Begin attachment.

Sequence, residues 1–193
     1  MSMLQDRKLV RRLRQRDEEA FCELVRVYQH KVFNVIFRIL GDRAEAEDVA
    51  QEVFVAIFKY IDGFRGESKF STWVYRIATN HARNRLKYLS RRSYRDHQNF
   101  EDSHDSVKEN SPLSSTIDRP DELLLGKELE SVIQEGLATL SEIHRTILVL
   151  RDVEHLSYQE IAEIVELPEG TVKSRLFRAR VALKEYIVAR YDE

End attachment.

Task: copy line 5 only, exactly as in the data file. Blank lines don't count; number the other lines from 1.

   151  RDVEHLSYQE IAEIVELPEG TVKSRLFRAR VALKEYIVAR YDE